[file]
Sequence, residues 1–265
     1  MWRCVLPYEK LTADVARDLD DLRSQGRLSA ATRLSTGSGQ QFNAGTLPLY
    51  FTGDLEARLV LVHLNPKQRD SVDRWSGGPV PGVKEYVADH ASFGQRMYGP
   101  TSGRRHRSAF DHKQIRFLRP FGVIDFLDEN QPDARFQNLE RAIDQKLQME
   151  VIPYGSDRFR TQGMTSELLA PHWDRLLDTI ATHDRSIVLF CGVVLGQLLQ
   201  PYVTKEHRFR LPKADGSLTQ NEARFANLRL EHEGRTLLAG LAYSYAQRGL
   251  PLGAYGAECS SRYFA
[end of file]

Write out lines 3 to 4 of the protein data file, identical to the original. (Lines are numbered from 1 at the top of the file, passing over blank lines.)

    51  FTGDLEARLV LVHLNPKQRD SVDRWSGGPV PGVKEYVADH ASFGQRMYGP
   101  TSGRRHRSAF DHKQIRFLRP FGVIDFLDEN QPDARFQNLE RAIDQKLQME